Menopause is linked to diminishing sex drive for some women. The most common culprit has been the drop in estrogen. In The Cleveland Clinic Guide to Menopause, Dr. Holly Thacker wrote that this decline can cause several ripple effects. The first involves mood changes that can affect a woman’s interest in sex. The second is vaginal dryness, which can make sex uncomfortable. But researchers are finding that a third issue – diabetes – may also be causing problems for menopausal women.
A new study out of the University of California, San Francisco found that having diabetes can cause perimenopausal and menopausal women to be less satisfied with their sex lives, according to MedLinePlus, which is a service of the U.S. National Library of Medicine.
Researchers surveyed approximately 2,300 women who were between the ages of 40 and 80. About six percent of the participants in the study had diabetes that had to be treated with insulin. Another 15 percent had diabetes but did not need to take insulin. The remainder of the study participants did not have diabetes.
The researchers found that more than a third of participants who reported that they were on insulin treatment gave low ratings for their sexual satisfaction. Additionally, approximately 25 percent of women who were not taking insulin reported that they also were “moderately” or very” sexually dissatisfied. In comparison, less than 20 percent of participants who did not have diabetes reported being unsatisfied with their sex lives.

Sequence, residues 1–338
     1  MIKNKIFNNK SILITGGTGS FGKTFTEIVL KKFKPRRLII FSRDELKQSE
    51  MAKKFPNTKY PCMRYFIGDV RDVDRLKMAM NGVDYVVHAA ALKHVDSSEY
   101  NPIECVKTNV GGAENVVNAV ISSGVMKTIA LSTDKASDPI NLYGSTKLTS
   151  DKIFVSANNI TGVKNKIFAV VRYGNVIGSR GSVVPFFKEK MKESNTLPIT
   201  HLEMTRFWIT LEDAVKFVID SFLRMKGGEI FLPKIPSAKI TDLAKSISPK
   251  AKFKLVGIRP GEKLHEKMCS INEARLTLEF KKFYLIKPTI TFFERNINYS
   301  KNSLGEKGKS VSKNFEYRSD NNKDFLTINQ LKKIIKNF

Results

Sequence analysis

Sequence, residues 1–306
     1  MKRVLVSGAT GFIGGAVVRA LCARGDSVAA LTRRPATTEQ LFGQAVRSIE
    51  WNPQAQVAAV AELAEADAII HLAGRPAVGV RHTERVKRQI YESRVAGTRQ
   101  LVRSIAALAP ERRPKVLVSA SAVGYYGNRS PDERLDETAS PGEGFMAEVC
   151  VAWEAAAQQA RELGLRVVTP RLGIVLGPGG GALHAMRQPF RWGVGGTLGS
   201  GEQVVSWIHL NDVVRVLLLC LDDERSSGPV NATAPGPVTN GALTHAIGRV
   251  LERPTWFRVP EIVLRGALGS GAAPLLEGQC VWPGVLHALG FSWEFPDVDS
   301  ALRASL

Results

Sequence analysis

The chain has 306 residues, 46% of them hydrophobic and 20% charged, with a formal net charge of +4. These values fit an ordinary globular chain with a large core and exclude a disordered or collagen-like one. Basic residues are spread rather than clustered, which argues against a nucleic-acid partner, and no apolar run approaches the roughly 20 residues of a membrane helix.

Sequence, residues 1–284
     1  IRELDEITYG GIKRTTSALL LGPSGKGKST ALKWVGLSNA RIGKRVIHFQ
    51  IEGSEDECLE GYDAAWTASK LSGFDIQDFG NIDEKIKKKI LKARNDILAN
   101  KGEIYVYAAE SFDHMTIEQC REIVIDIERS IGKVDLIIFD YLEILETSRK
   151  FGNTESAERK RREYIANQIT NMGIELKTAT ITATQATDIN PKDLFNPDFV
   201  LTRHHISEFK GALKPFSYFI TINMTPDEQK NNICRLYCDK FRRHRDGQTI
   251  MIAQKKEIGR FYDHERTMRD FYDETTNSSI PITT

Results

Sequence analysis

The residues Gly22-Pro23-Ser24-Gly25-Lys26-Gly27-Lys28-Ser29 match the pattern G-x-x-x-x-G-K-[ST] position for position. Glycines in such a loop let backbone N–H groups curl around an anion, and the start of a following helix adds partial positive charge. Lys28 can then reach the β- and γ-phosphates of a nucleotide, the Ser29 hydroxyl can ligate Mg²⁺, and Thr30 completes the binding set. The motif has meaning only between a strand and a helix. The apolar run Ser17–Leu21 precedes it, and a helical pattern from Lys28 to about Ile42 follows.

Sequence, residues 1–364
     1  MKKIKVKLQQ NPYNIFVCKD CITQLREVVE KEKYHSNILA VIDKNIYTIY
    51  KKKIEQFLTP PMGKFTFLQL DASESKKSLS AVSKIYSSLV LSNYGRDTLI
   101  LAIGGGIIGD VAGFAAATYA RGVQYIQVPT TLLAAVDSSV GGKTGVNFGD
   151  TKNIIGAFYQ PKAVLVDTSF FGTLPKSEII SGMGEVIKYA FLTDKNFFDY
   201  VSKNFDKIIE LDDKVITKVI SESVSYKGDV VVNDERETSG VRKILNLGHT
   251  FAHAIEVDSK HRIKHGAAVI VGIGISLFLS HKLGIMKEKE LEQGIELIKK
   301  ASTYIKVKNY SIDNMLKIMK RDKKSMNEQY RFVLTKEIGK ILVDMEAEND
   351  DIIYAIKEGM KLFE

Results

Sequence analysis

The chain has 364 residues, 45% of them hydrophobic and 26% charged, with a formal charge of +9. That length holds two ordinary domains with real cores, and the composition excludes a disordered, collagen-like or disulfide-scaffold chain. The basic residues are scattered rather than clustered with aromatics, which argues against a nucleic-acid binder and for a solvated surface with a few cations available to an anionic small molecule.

Women who took insulin expressed more concerns about lubrication and orgasm than non-diabetic women. Additionally, diabetic women who had additional complications (such as heart disease and kidney disease) were less likely to have sex at least once a month as compared with other study participants.
The researchers hypothesized that women with diabetes may have sexual problems due to either the overall burden of having a chronic disease or that they might be experiencing nerve damage caused by elevated blood sugar levels.
And there are a lot of people who are affected. According to the American Diabetes Association, 10.9 million people who are 65 years old or above have been diagnosed with diabetes. However, the Centers for Disease Control and Prevention (CDC) reports that 13.7 percent of people between the ages of 45-64 and 26.9 percent of people 65 and older are projected to be living with diabetes, either diagnosed or undiagnosed.
The chances are that if you’re diagnosed with this disease, you’ll end up with type 2 diabetes. The CDC notes that type 2 diabetes accounts for approximately 90-95 percent of all diagnosed cases in adults. This type of diabetes is associated with older age, obesity, a family history of the disease, an impaired glucose metabolism, physical inactivity, a history of gestational diabetes, and race/ethnicity.
The good news is that the Diabetes Prevention Program, a large prevention study of people who have a high risk for diabetes, found that lifestyle interventions that help people lose weight and increase physical activity actually reduced the development of type 2 diabetes by 58 percent over a three-year period. Furthermore, the study found that adults who were 60 years old and above had a 71-percent reduction in the development of diabetes if they adopted these lifestyle changes.